Galway delves into the power of literature
from The Legend, Dec. 2009
Never underestimate the power of the written word – especially when it’s used in children’s literature.
English professor Dr. Elizabeth Galway has focused her research interests on the written word and how it is used in children’s literature from the nineteenth century and early twentieth century.
She has discovered that while children may be marginalized and their literature passed off as trivial, many profound themes are often woven into children’s works and they can have a strong and lasting impact on a young reader.
“There has been a tendency to view the literature written for children as less important than literature for adults,” says Galway.
“This dual status of children’s literature – the fact that it can have a strong impact on its readership but is often assumed by adults to be trivial – is one of the characteristics that makes it such an interesting genre.”
Her current SSHRC-funded project, Young Canada Goes to War, examines a variety of children’s literature from 1914-1925, with a view to understanding how Canadian participation in WWI was portrayed by children’s writers from Canada, Britain and the United States.
“There is, for example, the question of how the violence of the war is portrayed,” says Galway. “In some children’s stories the horrors of war are displayed in full for children to see, while in others the violence is downplayed. In the latter case, this can occur for a variety of reasons, which may include softening depictions of warfare for younger readers to protect them from these traumatic events, to help encourage boys to enlist once they come of age, or to downplay the casualties suffered by Canadians in order to promote national pride and enthusiasm for the war effort.”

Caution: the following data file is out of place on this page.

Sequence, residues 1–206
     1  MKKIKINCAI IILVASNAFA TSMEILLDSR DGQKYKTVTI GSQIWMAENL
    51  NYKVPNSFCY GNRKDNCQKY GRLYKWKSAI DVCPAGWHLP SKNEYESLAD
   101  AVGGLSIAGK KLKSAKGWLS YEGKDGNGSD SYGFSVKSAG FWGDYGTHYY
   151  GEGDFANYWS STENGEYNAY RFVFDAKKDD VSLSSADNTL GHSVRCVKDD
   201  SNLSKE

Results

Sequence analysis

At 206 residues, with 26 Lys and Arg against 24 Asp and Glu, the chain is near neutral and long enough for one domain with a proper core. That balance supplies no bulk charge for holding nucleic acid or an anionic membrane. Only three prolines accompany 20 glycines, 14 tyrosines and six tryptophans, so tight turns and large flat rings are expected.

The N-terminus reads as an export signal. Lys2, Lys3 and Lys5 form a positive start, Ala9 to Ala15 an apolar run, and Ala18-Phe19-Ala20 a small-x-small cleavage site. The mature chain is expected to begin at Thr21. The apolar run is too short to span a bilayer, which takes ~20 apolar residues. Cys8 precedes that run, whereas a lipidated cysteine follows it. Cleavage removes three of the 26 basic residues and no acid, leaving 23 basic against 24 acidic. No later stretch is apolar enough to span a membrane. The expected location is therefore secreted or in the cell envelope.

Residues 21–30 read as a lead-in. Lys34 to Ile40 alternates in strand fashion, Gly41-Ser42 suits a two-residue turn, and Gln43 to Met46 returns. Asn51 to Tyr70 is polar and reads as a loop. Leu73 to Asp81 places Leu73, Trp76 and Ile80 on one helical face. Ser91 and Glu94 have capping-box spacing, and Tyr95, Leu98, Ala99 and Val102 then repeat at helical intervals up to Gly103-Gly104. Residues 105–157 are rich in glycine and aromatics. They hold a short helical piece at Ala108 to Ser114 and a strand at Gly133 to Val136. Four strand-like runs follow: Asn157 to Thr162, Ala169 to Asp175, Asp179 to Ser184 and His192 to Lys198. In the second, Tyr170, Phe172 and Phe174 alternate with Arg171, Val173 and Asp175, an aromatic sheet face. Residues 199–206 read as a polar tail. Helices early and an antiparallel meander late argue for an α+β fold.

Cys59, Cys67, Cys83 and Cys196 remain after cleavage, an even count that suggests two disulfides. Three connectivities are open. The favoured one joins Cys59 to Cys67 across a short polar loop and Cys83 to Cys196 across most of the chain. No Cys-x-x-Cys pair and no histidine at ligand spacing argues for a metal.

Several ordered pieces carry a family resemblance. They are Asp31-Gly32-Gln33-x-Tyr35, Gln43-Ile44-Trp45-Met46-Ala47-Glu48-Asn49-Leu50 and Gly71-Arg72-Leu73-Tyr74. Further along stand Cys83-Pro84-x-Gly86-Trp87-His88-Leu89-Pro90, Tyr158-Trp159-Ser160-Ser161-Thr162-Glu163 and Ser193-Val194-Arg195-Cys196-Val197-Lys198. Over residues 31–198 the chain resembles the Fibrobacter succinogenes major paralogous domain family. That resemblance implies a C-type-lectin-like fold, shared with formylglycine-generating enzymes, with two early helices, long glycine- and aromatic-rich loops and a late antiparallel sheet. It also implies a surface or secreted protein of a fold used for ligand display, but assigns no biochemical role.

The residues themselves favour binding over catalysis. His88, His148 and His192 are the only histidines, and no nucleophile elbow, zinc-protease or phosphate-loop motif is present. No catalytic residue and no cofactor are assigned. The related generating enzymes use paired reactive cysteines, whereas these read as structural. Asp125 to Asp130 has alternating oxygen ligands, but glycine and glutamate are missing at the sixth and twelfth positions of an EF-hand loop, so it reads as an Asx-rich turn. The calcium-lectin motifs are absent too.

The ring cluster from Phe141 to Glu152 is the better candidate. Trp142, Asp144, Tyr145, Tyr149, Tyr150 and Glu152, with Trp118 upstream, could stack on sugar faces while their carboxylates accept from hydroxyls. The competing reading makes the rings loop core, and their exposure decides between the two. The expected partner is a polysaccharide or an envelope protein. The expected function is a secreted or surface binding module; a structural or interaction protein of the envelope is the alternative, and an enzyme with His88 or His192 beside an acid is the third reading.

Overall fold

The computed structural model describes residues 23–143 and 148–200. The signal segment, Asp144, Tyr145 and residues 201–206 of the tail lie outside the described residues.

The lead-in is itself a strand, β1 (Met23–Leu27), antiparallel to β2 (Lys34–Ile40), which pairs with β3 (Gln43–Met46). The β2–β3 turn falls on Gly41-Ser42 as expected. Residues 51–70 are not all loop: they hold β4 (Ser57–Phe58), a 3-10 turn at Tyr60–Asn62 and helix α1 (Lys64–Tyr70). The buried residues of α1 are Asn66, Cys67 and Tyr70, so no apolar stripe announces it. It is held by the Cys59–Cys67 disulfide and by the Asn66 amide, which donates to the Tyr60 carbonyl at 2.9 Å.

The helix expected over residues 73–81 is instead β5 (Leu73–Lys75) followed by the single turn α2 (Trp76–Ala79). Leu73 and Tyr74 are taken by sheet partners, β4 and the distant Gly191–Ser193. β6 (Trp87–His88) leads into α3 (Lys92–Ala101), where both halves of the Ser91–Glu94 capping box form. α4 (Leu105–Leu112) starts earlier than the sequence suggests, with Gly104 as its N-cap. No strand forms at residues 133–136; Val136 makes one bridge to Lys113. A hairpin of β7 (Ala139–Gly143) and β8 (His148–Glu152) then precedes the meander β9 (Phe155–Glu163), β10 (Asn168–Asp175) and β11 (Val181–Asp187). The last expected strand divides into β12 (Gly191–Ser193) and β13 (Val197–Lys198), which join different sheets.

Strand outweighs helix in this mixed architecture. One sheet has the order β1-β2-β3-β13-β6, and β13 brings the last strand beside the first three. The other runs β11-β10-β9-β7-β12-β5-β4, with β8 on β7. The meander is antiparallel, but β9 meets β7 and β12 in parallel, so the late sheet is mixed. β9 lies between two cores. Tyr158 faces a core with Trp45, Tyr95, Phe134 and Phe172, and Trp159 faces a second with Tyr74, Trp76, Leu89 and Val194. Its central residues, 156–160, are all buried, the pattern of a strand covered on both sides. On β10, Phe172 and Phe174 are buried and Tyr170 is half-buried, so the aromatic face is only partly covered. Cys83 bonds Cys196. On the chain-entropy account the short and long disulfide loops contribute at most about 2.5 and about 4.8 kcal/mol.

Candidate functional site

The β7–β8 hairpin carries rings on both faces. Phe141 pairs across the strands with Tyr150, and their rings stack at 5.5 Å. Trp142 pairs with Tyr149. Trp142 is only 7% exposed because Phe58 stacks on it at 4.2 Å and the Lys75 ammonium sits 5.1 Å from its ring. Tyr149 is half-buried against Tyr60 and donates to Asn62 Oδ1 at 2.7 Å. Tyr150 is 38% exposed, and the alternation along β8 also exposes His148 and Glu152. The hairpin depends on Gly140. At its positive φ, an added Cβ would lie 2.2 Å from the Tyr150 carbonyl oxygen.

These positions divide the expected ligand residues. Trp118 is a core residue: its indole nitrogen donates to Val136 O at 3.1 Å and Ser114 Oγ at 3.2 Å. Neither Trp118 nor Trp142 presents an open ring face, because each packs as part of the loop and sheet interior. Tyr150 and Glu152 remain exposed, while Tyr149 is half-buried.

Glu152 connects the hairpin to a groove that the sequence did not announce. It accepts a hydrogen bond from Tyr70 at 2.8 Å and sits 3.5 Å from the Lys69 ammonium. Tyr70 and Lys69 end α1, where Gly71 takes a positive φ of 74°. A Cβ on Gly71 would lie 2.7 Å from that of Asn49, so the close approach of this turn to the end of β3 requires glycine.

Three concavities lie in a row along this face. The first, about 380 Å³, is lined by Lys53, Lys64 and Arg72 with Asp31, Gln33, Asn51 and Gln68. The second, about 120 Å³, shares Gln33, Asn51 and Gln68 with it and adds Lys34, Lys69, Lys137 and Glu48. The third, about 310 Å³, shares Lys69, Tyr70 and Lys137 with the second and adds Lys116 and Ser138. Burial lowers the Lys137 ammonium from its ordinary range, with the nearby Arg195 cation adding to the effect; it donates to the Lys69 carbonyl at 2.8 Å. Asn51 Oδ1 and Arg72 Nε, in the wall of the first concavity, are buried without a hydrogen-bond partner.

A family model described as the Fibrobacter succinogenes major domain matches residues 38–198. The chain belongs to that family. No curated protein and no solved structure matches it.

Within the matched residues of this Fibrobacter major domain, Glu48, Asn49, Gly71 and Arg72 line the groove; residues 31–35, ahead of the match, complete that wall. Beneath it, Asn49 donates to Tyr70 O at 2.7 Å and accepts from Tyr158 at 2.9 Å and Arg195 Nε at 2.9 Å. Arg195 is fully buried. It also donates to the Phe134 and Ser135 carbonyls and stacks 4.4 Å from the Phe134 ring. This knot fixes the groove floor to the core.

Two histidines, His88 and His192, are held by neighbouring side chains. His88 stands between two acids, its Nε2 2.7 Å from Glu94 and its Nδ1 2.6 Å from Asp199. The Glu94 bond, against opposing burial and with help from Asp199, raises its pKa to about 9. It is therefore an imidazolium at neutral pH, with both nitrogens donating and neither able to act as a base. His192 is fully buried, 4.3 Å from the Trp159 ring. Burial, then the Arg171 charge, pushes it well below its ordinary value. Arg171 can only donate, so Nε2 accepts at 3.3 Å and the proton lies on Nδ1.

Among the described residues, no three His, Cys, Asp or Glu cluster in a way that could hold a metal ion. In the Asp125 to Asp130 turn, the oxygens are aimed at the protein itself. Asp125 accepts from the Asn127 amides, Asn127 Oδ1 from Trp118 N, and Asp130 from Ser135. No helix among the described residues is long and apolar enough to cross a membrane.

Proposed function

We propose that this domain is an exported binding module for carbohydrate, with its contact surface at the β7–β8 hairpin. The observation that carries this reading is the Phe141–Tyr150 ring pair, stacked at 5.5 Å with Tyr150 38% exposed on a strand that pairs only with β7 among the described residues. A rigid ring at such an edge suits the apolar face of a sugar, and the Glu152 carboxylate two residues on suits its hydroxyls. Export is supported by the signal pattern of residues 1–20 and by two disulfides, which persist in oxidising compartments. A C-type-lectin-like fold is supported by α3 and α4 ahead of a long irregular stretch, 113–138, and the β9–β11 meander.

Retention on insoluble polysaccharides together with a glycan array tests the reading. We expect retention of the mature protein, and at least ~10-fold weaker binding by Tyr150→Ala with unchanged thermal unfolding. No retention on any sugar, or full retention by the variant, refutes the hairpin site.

She also found interesting the relationship depicted between Canada and Britain as our young nation begins to exert its independence from the “motherland”.
“The war also had an impact on the nation’s attitudes towards its other allies, like the United States, and its enemies,” says Galway. “Depictions in children’s literature of Germans, for instance, along with discussions of immigrants from war-torn Europe, shed light on how the war affected ideas about citizenship, race, and immigration in Canada.”
It’s an especially timely subject to review, given the current political climate and the lingering debates about Canada’s role in international affairs.
“Given the great potential of children’s literature to educate, socialize, and indoctrinate its readers, the study of this genre can give us important insight into how the Canadian identity, including attitudes towards peacekeeping and militarism, developed in the early twentieth century.”